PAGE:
Improving Monitoring by Developing Better Relationships with Grantees

Creating and maintaining a positive relationship with your grantees can be a tough job. Not only is there an inevitable power imbalance between any given grantor and grantee, that partnership can become even more tense when grantees are working with a Federal entity. As a Federal entity, you have two overarching responsibilities. First and foremost, you have to confirm taxpayer money is being used in accordance with the law. In addition to that, you’re tasked with making sure grant money is used to produce desired results. You want the biggest bang for your buck! If you don’t have a positive relationship with your grantees, what should be a cooperative endeavor can easily devolve into an unproductive and even adversarial back-and-forth. It doesn’t have to be that way! Here are three ways Federal entities can ensure effective monitoring of grant programs by improving their relationships with grantees:

  1. Communicate, communicate, communicate! While it might be a buzzword in the consulting world, stakeholder engagement is vital to any effective grant program. From before the grant is awarded, through the life of the grant, and even after the grant is closed, the grantor and grantee must communicate effectively with each other. Expectations should be clear, requirements should be known, and the tone should be respectful. Site visits shouldn’t feel like interrogations. Even though grant reviews are meant to prevent, detect, and correct errors, the grantor shouldn’t focus solely on flaws.  Instead, try a peer-to-peer discussion of what works and what doesn’t. After all, the grantor and grantee, should have the same end goals.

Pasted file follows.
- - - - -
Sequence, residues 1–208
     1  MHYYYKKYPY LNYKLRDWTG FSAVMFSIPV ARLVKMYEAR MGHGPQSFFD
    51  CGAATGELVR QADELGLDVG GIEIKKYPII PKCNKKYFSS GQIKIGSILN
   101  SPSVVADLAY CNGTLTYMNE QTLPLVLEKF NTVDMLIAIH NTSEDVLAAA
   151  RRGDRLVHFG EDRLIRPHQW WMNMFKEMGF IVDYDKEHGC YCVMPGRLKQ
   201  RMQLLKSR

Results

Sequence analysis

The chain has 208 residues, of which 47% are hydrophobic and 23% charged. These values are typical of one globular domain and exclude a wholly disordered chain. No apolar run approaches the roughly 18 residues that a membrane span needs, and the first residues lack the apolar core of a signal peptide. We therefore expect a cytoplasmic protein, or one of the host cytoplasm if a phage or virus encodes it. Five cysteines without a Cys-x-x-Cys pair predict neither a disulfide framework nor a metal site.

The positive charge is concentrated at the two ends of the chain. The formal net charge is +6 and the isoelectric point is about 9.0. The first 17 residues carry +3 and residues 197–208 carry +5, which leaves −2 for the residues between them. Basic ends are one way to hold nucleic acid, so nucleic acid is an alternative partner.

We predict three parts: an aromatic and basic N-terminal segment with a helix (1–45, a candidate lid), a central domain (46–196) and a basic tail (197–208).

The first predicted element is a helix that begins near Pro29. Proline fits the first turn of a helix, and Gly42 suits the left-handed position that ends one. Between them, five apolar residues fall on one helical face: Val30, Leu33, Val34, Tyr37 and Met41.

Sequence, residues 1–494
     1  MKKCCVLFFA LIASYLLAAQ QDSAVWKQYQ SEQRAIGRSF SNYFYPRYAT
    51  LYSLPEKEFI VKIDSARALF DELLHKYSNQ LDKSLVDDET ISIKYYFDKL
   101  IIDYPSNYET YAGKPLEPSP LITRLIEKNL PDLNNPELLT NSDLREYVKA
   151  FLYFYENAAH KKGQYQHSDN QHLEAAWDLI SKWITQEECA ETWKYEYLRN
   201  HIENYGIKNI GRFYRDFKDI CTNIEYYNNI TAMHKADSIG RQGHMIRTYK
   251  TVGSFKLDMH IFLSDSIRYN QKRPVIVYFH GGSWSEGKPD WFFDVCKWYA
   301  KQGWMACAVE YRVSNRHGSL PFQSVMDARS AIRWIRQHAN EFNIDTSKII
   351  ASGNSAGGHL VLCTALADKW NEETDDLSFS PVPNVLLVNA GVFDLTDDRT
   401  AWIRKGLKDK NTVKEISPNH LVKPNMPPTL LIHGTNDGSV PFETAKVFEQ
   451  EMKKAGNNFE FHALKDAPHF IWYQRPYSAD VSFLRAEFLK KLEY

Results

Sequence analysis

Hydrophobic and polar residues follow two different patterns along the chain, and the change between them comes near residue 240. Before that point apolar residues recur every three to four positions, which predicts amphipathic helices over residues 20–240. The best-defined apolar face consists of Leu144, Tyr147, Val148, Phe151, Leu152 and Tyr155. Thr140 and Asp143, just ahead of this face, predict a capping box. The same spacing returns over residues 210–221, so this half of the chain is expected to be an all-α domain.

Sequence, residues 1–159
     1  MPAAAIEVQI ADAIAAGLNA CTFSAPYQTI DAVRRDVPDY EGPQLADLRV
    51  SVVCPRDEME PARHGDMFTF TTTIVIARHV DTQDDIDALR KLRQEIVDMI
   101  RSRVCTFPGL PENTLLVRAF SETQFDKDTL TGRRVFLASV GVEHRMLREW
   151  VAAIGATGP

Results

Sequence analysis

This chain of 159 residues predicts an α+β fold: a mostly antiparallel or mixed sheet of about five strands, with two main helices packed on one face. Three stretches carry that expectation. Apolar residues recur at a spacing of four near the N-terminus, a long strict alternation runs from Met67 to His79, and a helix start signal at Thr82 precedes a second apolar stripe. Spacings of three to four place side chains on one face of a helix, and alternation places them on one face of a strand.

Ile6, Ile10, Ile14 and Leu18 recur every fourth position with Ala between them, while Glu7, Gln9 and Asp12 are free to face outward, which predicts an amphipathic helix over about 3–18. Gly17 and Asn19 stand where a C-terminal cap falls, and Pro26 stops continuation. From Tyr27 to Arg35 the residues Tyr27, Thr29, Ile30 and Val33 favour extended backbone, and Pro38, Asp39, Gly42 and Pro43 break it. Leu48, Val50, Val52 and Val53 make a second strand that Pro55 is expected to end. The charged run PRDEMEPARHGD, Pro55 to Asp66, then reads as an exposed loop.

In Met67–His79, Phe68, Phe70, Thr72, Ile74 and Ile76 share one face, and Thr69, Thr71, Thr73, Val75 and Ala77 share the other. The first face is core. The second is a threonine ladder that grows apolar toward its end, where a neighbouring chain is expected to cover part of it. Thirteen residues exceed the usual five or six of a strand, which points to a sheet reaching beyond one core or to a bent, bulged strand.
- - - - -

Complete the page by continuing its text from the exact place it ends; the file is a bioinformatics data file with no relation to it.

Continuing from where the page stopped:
1. Stay Predictable. Nothing frustrates and demoralizes more grantees, than a lack of predictability from the grantor. Too much communication, if lacking predictability and direction, can be just as detrimental to the grantor or grantee relationship. Confusing, contradicting, and generally unhelpful advice not only damages the relationship, but discourages the grantee from doing more than simply meeting the bare minimum compliance requirements. With the Uniform Grants Guidance in full effect in 2016, Federal entities now have just about all responsibilities codified. From audit obligations, to remedies for non-compliance, to standardized forms, it might seem difficult for a Federal entity to not be predictable. However, consider interactions with the grantee. If multiple Federal Program Officers interact with a recipient, make sure they’re on message and don’t give conflicting information or advice.
  1. Empower your grantees. As a Federal entity, it should be your goal to develop a trusting, honest, and authentic relationship with your grantees. What better way to do this than entrust the recipient with some self-monitoring responsibilities? The Office of Management and Budget (OMB) has shifted emphasis to strong internal controls and reduced specific compliance requirements. By emphasizing “performance” over “compliance” you can achieve accountability without the grantee feeling like they are perpetually under the microscope. This means the relationship should be more goal-oriented and collaborative than compliance-focused and paternalistic. If you don’t trust your grantee, it will show and the grantee will be less forthcoming in the end. Make sure recipients know what the expectations are, but allow them enough flexibility of meeting their responsibilities in their own right.

By using these three tips, a federal entity can both make their own job easier, and ensure grant programs are properly monitored. Grantees can be intimidated by Federal entities, but they don’t have to be. If you engage stakeholders about what issues matter most to them, it will make grantees feel heard, and it gives them some control over the process.  You will end up with a more cooperative, collaborative, and trustworthy relationship.